wherein the heat-generating means is a power amplifier means.
9. The system of claim 8, wherein the transmitting means is configured to dissipate heat generated from at least one component disposed on a printed circuit board (PCB) coupled to the transmitting means.
10. The system of claim 8, wherein at least a portion of the transmitting means is disposed in a spaced-apart relationship relative to a printed circuit board coupled thereto.
11. The system of claim 8, further comprising the at least one airflow means comprises facilitating an airflow past the transmitting means.
12. A method of manufacturing a heat-dissipating wireless communication system for a portable computer device, comprising:
providing an antenna within the computer device, the antenna configured to dissipate heat generated by at least one power amplifier component of the computer device;
thermally coupling the antenna to the at least one power amplifier component of the computer device;
providing at least one vent formed in a housing of the computer device, the antenna positioned within an airflow associated with the at least one vent to draw thermal energy from the at least one power amplifier component via the antenna; and
providing a ground portion to transfer the heat to the antenna.
13. The method of claim 12, further comprising disposing the power amplifier in a display member of a notebook computer device.
14. The method of claim 12, further comprising configuring at least a portion of the antenna to be in a spaced-part relationship relative to a printed circuit board coupled thereto.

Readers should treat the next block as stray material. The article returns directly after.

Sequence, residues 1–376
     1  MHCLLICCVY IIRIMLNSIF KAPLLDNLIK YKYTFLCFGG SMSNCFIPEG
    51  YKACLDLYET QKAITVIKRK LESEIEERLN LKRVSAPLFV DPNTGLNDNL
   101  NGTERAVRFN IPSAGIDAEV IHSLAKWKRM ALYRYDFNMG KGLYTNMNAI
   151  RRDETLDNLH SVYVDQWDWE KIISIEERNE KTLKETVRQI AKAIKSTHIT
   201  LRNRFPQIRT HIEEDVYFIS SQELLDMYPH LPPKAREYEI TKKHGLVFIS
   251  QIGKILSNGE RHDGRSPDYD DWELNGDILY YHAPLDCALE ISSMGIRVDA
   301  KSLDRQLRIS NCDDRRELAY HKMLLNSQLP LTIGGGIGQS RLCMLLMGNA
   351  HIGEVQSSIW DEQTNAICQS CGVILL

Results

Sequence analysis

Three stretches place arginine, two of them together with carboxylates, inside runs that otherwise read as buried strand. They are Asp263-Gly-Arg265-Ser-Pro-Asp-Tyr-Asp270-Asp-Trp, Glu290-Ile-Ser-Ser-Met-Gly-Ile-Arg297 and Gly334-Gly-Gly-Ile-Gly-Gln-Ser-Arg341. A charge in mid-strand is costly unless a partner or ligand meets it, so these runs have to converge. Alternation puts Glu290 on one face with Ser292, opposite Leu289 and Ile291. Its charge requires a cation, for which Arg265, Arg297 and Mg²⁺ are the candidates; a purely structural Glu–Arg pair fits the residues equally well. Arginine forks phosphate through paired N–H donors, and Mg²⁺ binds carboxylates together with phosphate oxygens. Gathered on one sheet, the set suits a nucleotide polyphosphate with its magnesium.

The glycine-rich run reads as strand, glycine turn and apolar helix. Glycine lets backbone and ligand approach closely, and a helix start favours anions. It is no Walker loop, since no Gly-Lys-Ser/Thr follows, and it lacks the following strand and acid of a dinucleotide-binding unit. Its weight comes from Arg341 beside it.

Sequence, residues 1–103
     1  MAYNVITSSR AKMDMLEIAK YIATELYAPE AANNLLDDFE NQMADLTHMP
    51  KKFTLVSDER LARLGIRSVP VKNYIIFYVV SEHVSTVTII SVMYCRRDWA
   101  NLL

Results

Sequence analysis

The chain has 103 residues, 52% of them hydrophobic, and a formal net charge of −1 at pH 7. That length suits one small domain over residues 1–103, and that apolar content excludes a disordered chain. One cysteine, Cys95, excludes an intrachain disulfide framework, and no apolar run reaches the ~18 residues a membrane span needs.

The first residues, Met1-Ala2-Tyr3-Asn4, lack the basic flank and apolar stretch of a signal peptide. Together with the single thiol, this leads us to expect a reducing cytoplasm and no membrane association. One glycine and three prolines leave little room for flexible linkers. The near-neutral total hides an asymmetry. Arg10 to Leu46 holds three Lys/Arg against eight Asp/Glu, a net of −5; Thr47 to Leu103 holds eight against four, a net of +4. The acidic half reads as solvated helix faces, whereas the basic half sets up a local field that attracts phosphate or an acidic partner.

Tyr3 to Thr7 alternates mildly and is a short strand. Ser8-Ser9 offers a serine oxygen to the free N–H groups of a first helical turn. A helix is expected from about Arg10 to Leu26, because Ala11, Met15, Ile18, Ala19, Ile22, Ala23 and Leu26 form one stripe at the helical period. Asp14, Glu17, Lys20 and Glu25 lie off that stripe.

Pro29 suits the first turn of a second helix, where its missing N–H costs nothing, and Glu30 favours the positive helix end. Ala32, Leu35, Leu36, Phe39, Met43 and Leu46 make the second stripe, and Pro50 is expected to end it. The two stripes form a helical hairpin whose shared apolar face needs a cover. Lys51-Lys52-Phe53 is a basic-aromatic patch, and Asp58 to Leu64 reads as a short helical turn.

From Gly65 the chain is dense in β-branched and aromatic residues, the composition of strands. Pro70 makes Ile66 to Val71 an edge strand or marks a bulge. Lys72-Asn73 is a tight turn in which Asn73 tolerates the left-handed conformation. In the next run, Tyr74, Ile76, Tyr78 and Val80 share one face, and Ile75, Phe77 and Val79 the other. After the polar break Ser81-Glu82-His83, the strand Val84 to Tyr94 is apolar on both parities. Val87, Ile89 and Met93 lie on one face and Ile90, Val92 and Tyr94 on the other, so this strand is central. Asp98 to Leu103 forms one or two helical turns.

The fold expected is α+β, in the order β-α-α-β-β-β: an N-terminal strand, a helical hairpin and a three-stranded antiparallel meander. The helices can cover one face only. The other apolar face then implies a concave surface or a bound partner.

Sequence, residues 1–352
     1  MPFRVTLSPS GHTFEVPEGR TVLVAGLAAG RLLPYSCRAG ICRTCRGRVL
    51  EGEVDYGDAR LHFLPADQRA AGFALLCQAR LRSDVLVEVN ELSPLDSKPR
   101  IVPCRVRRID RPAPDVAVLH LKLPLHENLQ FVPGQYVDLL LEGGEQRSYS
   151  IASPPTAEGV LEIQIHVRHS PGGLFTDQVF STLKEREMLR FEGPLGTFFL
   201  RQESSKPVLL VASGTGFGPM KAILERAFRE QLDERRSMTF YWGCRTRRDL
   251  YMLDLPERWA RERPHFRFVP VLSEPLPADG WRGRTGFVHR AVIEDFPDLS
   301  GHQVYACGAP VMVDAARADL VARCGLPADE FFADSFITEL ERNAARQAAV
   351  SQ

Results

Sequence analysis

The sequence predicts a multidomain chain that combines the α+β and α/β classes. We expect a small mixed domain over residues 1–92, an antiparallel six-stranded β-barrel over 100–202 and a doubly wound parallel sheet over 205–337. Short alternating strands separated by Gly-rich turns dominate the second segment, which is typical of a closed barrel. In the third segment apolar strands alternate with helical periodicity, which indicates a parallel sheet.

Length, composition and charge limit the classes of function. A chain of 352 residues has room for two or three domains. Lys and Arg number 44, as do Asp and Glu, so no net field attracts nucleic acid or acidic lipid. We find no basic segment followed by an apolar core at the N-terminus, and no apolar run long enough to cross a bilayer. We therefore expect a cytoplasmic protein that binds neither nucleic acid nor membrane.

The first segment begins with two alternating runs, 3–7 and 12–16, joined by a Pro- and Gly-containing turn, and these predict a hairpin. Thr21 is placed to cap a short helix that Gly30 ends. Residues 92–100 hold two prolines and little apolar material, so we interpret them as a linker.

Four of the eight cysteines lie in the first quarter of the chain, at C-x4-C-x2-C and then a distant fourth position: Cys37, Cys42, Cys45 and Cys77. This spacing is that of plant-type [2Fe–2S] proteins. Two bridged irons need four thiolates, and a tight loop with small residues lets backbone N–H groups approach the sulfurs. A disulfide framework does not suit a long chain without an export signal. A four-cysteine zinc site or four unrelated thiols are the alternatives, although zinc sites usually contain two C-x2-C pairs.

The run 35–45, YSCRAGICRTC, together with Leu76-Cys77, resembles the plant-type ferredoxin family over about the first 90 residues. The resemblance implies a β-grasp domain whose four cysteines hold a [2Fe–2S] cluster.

15. The method of claim 12, further comprising providing the at least one vent in close proximity to the antenna.
16. The method of claim 12, further comprising configuring a ground portion of a printed circuit board to transfer heat to the antenna.
17. The method of claim 12, further comprising providing a plurality of vents configured to facilitate an airflow past the antenna.
Description
BACKGROUND OF THE INVENTION

Many computers comprise wireless communication devices that generate considerable thermal energy during operation. For example, power amplifiers used in connection with wireless communication systems are employed to transform electrical energy into radio frequency energy for transmission by an antenna. However, power amplifiers generate a substantial amount of thermal energy. As a result, many wireless communication devices are forced to operate at a reduced power level (e.g., by reducing the transmit power) in order to reduce the amount of thermal energy generated. Although the computer device's cooling platform (e.g., the computer's existing cooling system that dissipates heat from other computer components, such as a processor and/or graphics chip) can be used to dissipate the thermal energy from the power amplifier, positioning the power amplifier in the computer device to facilitate use of such cooling platform generally results in reduced performance of the wireless communication device at least based on the separation distance between the power amplifier and the antenna.

BRIEF DESCRIPTION OF THE DRAWINGS